1H-NMR (200 MHz, CDCl3): δ[ppm] 0.88 (3H, t, J=6.4 Hz, (CH2)14CH 3), 1.26 (24H, br s, (CH 2)12CH3), 1.5-1.7 (2H, m, CH 2CH2CONH), 1.61 (3H, s, CH 3C═CHCH2O), 1.69 (3H, s, (CH 3)CH3C═C), 1.73 (3H, s, (CH 3)CH3C═C), 1 8-2.3 (6H, br s, NCCH2CN, CH3CCH 2CH 2C═C(CH3)2), 2.29 (2H, t, J=7.6 Hz, CH2CH 2CONH), 3.37 (2H, dt, J=5, J=7.6 Hz, CONHCH 2C), 3.49 (6H, s, CH3N+CH3), 4.1 (2H, t, J=7.8 Hz, CH2CH 2N+), 4.66 (2H, s, N+CH2C═O), 4.72 (2H, d, J=7.3 Hz, OCH 2CH═C), 5.05 (1H, m, CHC═C(CH3)2), 5.31 (1H, t, J=7.3 Hz, OCH2CH═), 8.01 (1H, t, J=5 Hz, CONH)

IR (NaCl) [cm−1] 3700-3100, 3320 (ν NH, amide), 3020 (ν CH, ═CH), 2954 (ν asCH3), 2924 (ν asCH2), 2852 (ν sCH2), 1747 (ν C═O, ester), 1649 (ν C═O, amide), 1547 (δ NH, ν CN), 1466 (δ asCH3; δ CH2), 1379 (δ sCH3), 1198 (ν CO, ester), 721 ((CH2)n).

Inventive Example 3 Synthesis of N,N-dimethyl-N-geranyloxycarbonylmethyl-N-(3-(dodecanoylamino)propyl)ammonium chloride

A 22.76 g (0.080 mol) portion of N-dodecanoyl-N′,N′-dimethyl-1,3-diaminopropane and 120 ml of diethyl ether were put into a flask, and 18.46 g (0.080 mol) of geranyl chloroacetate was added thereto at 25 C. spending 5 minutes. The reaction mixture was stirred at 25 C. for 24 hours, and disappearance of the most part of chloroacetate was confirmed by 1H-NMR. Next, the reaction mixture was slowly added dropwise to 600 ml of hexane which was ice-cooled and vigorously stirred, spending 10 minutes, to effect precipitation of the product as a white solid. Thereafter, in the same manner as described in Inventive Example 1, the title compound (to be referred to as betaine ester (3) hereinafter) was obtained as a light yellow viscous oil. Yield 38.50 g (0.0747 mol; yield 93.4%).

1H-NMR (200 MHz, CDCl3): δ[ppm] 0.88 (3H, t, J=6.4 Hz, (CH2)10CH 3), 1.26 (16H, br s, (CH 2)2CH3), 1.5-1.7 (2H, m, CH 2CH2CONH), 1.61 (3H, s, CH 3C═CHCH2O), 1.69 (3H, s, (CH 3)CH3C═C), 1.73 (3H, s, (CH 3)CH3C═C), 1 8-2.3 (6H, br s, NCCH2CN, CH3CCH 2CH 2C═C(CH3)2), 2.29 (2H, t, J=7.6 Hz, CH2CH 2CONH), 3.37 (2H, dt, J=5, J=7.6 Hz, CONHCH 2C), 3.49 (6H, s, CH3N+CH3), 4.1 (2H, t, J=7.8 Hz, CH2CH 2N+), 4.66 (2H, s, N+CH2C═O), 4.72 (2H, d, J=7.3 Hz, OCH 2CH═C), 5.05 (1H, m, CHC═C(CH3)2), 5.31 (1H, t, J=7.3 Hz, OCH2CH═), 8.01 (1H, t, J=5 Hz, CONH)

IR (NaCl) [cm−1] 3700-3100, 3244 (ν NH, amide), 3051, 3022 (ν CH, ═CH), 2954 (ν asCH3), 2924 (ν asCH2), 2854 (ν s CH2), 1747 (ν C═O, ester), 1651 (ν C═O, amide), 1549 (δ NH, ν CN), 1485, 1466 (δ asCH3; δ CH2), 1377 (δ sCH3), 1225, 1198 (ν CO, ester), 1155, 1124, 1020, 987, 935, 899, 721 ((CH2)n).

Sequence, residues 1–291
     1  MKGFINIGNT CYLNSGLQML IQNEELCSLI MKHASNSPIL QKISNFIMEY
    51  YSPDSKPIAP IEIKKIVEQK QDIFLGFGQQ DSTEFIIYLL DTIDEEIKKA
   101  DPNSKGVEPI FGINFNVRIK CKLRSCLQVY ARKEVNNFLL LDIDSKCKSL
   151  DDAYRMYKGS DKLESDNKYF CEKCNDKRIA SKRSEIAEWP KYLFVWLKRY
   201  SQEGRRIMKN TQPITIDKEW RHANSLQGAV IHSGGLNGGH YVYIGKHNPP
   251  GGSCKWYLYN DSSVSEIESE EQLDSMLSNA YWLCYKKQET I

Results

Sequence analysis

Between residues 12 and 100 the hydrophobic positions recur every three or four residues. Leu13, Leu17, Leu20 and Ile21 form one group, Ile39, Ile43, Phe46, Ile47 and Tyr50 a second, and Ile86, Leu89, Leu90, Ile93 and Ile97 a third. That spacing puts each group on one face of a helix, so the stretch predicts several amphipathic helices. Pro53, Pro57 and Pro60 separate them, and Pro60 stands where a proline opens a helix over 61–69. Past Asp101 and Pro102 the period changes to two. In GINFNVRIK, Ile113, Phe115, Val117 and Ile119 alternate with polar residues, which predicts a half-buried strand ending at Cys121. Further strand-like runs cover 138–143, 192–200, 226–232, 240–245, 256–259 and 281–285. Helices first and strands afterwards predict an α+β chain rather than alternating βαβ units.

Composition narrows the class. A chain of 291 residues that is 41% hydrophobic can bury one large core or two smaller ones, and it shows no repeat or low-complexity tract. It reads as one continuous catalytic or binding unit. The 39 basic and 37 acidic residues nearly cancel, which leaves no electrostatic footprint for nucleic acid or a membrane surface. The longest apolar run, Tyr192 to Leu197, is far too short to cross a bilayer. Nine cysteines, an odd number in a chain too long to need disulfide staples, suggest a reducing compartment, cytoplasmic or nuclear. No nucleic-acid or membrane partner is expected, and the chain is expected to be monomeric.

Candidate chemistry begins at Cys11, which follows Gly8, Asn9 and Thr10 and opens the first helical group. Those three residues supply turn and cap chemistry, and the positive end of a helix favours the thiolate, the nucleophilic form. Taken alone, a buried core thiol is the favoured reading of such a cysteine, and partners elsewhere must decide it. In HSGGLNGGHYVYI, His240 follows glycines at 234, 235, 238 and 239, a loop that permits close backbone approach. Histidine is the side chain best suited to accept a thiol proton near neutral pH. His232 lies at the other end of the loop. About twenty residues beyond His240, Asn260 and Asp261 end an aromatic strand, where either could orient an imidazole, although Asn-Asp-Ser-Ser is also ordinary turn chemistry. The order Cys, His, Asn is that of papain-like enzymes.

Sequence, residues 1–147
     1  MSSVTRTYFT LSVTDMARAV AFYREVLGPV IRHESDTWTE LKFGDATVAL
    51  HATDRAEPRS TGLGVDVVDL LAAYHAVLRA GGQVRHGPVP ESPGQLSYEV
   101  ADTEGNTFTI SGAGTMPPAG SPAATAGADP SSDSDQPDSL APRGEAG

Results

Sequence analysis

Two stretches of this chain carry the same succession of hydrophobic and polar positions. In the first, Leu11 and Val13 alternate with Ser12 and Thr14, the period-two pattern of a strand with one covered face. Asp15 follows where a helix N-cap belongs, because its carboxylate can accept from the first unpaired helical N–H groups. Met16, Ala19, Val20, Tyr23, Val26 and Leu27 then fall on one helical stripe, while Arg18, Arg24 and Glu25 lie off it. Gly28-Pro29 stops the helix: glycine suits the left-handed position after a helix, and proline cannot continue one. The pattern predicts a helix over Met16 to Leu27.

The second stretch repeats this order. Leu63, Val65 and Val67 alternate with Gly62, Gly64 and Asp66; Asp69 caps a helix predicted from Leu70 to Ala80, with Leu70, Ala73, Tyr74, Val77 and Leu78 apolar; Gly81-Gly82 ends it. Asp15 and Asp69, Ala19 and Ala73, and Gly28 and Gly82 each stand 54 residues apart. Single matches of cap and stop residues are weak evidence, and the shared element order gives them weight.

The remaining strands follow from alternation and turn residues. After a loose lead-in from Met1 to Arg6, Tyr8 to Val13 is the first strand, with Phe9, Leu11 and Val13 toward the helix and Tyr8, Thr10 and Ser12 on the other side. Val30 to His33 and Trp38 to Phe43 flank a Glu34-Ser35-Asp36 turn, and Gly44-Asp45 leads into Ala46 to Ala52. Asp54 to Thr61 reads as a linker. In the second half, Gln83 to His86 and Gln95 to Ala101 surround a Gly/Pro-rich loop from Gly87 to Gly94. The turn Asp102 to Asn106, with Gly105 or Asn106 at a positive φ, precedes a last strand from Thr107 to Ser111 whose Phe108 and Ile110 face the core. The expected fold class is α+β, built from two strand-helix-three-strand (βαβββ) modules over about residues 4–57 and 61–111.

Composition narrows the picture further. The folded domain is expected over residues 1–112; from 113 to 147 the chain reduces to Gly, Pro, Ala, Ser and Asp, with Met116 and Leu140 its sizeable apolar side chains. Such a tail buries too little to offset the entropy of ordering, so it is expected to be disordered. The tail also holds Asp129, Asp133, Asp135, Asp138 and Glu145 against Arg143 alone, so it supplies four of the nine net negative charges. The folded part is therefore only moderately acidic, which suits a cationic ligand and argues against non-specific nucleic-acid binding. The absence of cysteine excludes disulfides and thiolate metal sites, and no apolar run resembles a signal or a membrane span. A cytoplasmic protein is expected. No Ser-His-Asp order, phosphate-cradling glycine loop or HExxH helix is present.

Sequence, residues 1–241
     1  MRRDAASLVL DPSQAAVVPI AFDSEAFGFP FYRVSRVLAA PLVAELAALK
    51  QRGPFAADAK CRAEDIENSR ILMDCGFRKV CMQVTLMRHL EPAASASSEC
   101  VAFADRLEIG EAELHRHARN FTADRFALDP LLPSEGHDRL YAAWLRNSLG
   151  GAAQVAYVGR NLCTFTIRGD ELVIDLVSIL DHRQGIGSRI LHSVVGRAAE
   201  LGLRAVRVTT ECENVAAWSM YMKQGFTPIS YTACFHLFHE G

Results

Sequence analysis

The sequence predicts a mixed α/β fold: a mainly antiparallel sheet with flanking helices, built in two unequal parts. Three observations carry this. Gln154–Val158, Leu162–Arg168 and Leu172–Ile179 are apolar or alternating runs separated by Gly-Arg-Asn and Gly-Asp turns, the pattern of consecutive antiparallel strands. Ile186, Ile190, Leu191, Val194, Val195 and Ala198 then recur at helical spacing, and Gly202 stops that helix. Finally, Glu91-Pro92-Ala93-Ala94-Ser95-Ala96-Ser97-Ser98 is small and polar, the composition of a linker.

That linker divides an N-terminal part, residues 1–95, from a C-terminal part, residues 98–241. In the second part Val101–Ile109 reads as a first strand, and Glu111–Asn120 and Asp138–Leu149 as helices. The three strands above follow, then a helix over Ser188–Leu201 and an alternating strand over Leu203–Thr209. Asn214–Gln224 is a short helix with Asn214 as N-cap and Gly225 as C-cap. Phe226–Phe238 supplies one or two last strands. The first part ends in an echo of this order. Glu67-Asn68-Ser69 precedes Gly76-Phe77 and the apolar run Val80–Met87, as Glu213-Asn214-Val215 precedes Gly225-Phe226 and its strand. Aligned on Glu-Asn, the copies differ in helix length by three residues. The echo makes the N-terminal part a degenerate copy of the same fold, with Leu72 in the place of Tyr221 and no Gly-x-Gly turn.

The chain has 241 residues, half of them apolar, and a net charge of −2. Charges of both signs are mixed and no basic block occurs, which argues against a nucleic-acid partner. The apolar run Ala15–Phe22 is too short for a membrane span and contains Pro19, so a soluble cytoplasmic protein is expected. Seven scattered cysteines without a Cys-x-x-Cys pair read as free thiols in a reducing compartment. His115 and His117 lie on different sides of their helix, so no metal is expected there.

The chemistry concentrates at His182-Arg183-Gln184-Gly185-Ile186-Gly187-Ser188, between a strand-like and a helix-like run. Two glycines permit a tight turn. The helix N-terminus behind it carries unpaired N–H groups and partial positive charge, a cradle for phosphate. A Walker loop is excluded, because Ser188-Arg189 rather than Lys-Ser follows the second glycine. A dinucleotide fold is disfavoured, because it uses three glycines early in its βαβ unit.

Inventive Example 4 Synthesis of N,N-dimethyl-N-geranyloxycarbonylmethyl-N-(3-(octanoylamino)propyl)ammonium chloride

A 22.84 g (0.100 mol) portion of N-octanoyl-N′,N′-dimethyl-1,3-diaminopropane and 250 ml of diethyl ether were put into a flask, and 24.23 g (0.105 mol) of geranyl chloroacetate was added thereto at 0 to 5 C. spending 10 minutes. The reaction mixture was stirred at 5 to 25 C. for 24 hours, and disappearance of the most part of chloroacetate was confirmed by 1H-NMR. Next, the reaction mixture was slowly added dropwise to 650 ml of pentane which was ice-cooled and vigorously stirred, spending 10 minutes, to effect precipitation of the product as a white solid. Thereafter, in the same manner as described in Inventive Example 1, the title compound (to be referred to as betaine ester (4) hereinafter) was obtained as a light yellow viscous oil. Yield 38.2 g (0.0832 mol; yield 83.2%).

1H-NMR (200 MHz, CDCl3): δ[ppm] 0.88 (3H, t, J=6.4 Hz, (CH2)6CH 3), 1.26 (8H, br s, (CH 2)4CH3), 1.5-1.7 (2H, m, CH2 CH2CONH), 1.61 (3H, s, CH 3)C═CHCH2O), 1.69 (3H, s, (CH 3)CH3C═C), 1.73 (3H, s, (CH 3)CH3C═C), 1 8-2.3 (6H, br s, NCCH2CN, CH3CCH2 CH 2C═C(CH3)2), 2.29 (2H, t, J=7.6 Hz, CH2CH 2CONH), 3.37 (2H, dt, J 5, J=7.6 Hz, CONHCH 2C), 3.49 (6H, s, CH3N+CH3), 4.1 (2H, t, J=7.8 Hz, CH2CH 2N+), 4.66 (2H, s, N+CH 2C═O), 4.72 (2H, d, J=7.3 Hz, OCH 2CH═C), 5.05 (1H, m, CHC═C(CH3)2), 5.31 (1H, t, J=7.3 Hz, OCH2CH═C), 8.01 (1H, t, J=5 Hz, CONH)

IR (NaCl) [cm−1] 3700-3100, 3244 (ν NH, amide), 3051, 3022 (ν CH, ═CH), 2954 (ν asCH3), 2924 (ν asCH2), 2854 (ν sCH2), 1745 (ν C═O, ester), 1655 (ν C═O, amide), 1549 (δ NH, ν CN), 1485, 1466 (δ asCH3; δ CH2), 1377 (δ sCH3), 1225, 1198 (ν CO, ester), 1155, 1124, 1020, 987, 935, 899, 721 ((CH2)n).

Inventive Example 5 Synthesis of N,N-dimethyl-N-geranyloxycarbonylmethyl-N-(3-(acetylamino)propyl)ammonium chloride

A 7.21 g (0.05 mol) portion of N-acetyl-N′,N′-dimethyl-1,3-diaminopropane and 150 ml of diethyl ether were put into a flask, and 11.65 g (0.0505 mol) of geranyl chloroacetate was added thereto at 0 to 5 C. spending 10 minutes. The reaction mixture was stirred for 2 hours while cooling on ice to observe precipitation of the product. This was further stirred at 25 C. for 12 hours, and disappearance of the most part of chloroacetate was confirmed by 1H-NMR. Next, the solvent was evaporated under a reduced pressure, and the reaction mixture as the residual viscous oil was dissolved in 20 ml of dichloromethane and slowly added dropwise to 400 ml of diethyl ether which was ice-cooled and vigorously stirred, spending 5 minutes, to effect precipitation of the product as a white solid. Thereafter, in the same manner as described in Inventive Example 1, the title compound (to be referred to as betaine ester (5) hereinafter) was obtained as a light yellow viscous oil. Yield 15.6 g (41.6 mmol; yield 83.2%).

1H-NMR (200 MHz, CDCl3): δ[ppm] 1.61 (3H, s, CH 3C═CHCH2O), 1.69 (3H, s, (CH 3)CH3C═C), 1.73 (3H, s, (CH 3)CH3C═C), 2.05 (3H, s, CH3CONH), 1 9-2.2 (6H, NCCH2CN, (CH3)CCH 2CH 2 C═C), 3.36 (2H, dt, J=5.5, J=7.6 Hz, CONHCH 2C), 3.51 (6H, s, CH3N+CH3), 4.08 (2H, t, J=7.6 Hz, CH2CH 2N+), 4.64 (2H, s, N+CH2C═O), 4.73 (2H, d, J=7.3 Hz, OCH 2CH═C), 5.05 (1H, m, CHC═C(CH3)2), 5.31 (1H, t, J=7.3 Hz, OCH2CH═C), 8.25 (1H, t, J=5.5 Hz, CONH)

IR (NaCl) [cm−1] 3700-3100, 3242, 3057, 3020 (ν CH,═CH), 2968 (ν asCH3), 2929 (ν asCH2), 2858 (ν sCH2), 1743 (ν C═O, ester), 1660 (ν C═O, amide), 1552 (δ NH, ν CN), 1485, 1444, 1408, 1375 (δ sCH3; CH3CONH), 1279, 1198 (ν CO, ester), 1161, 1111, 1018, 933, 894, 727 (CH2).